For some time I have been thinking about the enormous effort we make here in the West to suppress the knowledge that our safety and happiness depends on inequality, on other people’s exploitation. We have to do this in order to live our daily lives. We must ignore information about how our clothes and phones and other goods are made in order to feel good about ourselves – and because we do not know how to make things right, the problems seem insurmountable. I began making artwork about how we do this and the impact it has on us and the rest of the world a couple of years ago.
With a commission from Shrewsbury Museum and Art Gallery for a WWI exhibition in 2015, I began to think about the role music played in war, to encourage patriotism, consolidate a sense of them and us, raise spirits: “Music during World War I was often used to inspire passion and voluntary compliance in the listeners and, occasionally, shame in those who didn’t support the war”.
I came across a box of WWI era pianola rolls in a second hand shop and bought an old pianola – a major medium of popular music in the period – ‘Pack up your troubles in your old kitbag’ was the number one hit of the war. Pianolas were an important source of popular and classical music at the time and many well-known musicians (classical and popular) recorded for them: “By 1903 the Aeolian Company had more than 9,000 roll titles in their catalogue, adding 200 titles per month.” Pianolas or piano players are self-playing pianos which use music recorded onto perforated paper rolls to trigger many tiny bellows as the instrument is foot-pumped like an organ.They became popular along with the rise of mass-produced pianos, introduced around 1900 and produced in large numbers until the 1930s.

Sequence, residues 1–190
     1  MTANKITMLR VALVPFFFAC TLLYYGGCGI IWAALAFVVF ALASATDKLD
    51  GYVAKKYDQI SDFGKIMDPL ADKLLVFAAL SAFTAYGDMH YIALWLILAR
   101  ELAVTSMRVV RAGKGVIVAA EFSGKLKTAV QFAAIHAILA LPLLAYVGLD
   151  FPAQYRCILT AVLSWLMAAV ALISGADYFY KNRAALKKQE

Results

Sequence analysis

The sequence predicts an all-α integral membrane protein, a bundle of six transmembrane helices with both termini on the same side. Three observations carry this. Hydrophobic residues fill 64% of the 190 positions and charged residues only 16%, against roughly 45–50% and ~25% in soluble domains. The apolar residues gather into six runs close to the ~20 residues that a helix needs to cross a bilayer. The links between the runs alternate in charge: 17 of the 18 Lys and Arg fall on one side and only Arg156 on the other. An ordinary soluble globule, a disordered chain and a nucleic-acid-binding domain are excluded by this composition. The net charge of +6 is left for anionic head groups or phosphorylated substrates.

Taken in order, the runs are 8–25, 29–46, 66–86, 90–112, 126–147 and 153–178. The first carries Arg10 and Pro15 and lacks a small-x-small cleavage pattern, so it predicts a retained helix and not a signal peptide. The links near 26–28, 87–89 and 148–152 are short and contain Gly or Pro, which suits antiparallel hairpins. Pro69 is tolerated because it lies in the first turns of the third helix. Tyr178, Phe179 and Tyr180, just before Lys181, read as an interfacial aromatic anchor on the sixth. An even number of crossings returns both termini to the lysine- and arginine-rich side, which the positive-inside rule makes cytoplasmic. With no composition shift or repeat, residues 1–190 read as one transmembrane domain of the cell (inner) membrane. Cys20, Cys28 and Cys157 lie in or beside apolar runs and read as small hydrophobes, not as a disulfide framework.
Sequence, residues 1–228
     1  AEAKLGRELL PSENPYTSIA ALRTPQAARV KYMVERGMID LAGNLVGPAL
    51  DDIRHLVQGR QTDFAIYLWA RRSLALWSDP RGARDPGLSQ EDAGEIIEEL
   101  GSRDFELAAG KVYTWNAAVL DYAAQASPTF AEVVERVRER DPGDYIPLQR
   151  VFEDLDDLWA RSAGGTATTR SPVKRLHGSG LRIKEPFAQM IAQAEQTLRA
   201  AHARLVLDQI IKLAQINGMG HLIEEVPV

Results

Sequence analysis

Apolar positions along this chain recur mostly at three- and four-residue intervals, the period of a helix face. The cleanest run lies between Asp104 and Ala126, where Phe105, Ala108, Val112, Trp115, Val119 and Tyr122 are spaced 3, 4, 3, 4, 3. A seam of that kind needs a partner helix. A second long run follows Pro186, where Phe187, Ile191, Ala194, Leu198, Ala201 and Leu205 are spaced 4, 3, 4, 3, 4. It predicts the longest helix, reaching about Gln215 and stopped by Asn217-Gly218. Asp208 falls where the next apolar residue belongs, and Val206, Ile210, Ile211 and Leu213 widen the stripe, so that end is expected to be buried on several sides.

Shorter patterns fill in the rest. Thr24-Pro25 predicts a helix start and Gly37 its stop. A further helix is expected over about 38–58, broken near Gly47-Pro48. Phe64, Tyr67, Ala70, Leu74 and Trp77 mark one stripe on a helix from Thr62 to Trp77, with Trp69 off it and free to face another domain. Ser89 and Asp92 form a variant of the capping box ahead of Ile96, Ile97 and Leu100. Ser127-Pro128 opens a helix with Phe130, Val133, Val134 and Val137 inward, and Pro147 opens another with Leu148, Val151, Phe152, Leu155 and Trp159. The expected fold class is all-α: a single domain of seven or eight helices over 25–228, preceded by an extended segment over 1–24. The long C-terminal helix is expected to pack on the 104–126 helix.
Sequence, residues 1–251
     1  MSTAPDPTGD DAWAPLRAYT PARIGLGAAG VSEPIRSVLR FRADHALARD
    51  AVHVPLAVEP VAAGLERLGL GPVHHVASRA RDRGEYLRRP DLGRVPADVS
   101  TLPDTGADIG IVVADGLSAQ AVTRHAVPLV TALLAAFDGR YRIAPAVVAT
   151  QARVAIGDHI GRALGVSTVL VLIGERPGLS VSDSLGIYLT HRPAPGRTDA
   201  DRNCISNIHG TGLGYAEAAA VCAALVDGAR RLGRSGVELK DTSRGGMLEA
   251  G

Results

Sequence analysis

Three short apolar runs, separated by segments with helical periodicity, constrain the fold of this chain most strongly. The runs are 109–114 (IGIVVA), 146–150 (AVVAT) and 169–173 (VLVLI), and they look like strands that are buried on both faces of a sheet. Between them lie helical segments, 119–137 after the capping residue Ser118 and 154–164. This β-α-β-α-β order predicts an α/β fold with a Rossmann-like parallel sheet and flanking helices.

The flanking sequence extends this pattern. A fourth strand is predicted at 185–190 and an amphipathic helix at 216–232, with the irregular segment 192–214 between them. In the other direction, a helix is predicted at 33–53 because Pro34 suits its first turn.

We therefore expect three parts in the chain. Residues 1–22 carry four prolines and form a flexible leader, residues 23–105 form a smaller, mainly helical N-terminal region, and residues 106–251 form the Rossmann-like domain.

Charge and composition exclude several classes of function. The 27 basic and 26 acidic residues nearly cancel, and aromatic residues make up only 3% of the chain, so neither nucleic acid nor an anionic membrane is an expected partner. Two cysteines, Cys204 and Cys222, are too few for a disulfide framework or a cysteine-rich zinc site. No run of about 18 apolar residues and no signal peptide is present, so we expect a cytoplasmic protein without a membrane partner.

“While the player piano matured in America, a young inventor in Germany, Edwin Welte, was working on a player which controlled all the aspects of the performance automatically, so that his machine would play back a recorded performance exactly as if the original pianist was sitting at the piano keyboard. This device, the Welte-Mignon, was launched in 1904. From the early days, manufacturers sought to create mechanisms which would pick out the melody of a musical composition over the background of the rest of the music in the same manner as a live pianist”. The production for these types of pianos peaked between 1904 and the 1930s, Sales peaked in 1924, then declined as the improvement in phonograph recordings due to electrical recording methods developed in the mid-1920s.
The pianola I bought is a Weber – a good make – powered by foot pumps. But it needed extensive repairs. I was lucky to find Birmingham-based pianola restorer Andri Maimaridou (musiccrafts) – Englands only female pianola restorer. The tracker bar, a pneumatic reading device over which the paper pianola roll is transported, has a row of equally spaced holes; one for each note. A music roll perforation passing over the tracker bar caused a valve to open, which in turn triggered a pneumatic motor. The latter operates a felt covered wooden finger, pressing the corresponding note on the piano keyboard.
Andri spent an intense fortnight carefully replacing hundreds of perished rubber tubes and checking the tiny bellows which power the hammers. The day of re-installing the complex innards was tense – we didn’t know if mending one set of pipes would reveal or blow holes in the rest!
For the Shrewsbury re:collect exhibition in June 2015, Truth: the first casualty of war’, I made drawings based on the rolls alongside recordings. My aim is to associate the (considerable) effort made to pump the pianola with the music which drowns out our doubts and obliterates more uncomfortable sounds and knowledge. Currently I am collaborating with a young composer, Rufus Dean, to make sound and visual pieces. I’d like to make an interactive piece where people can drown uncomfortable sounds by pumping the pianola harder…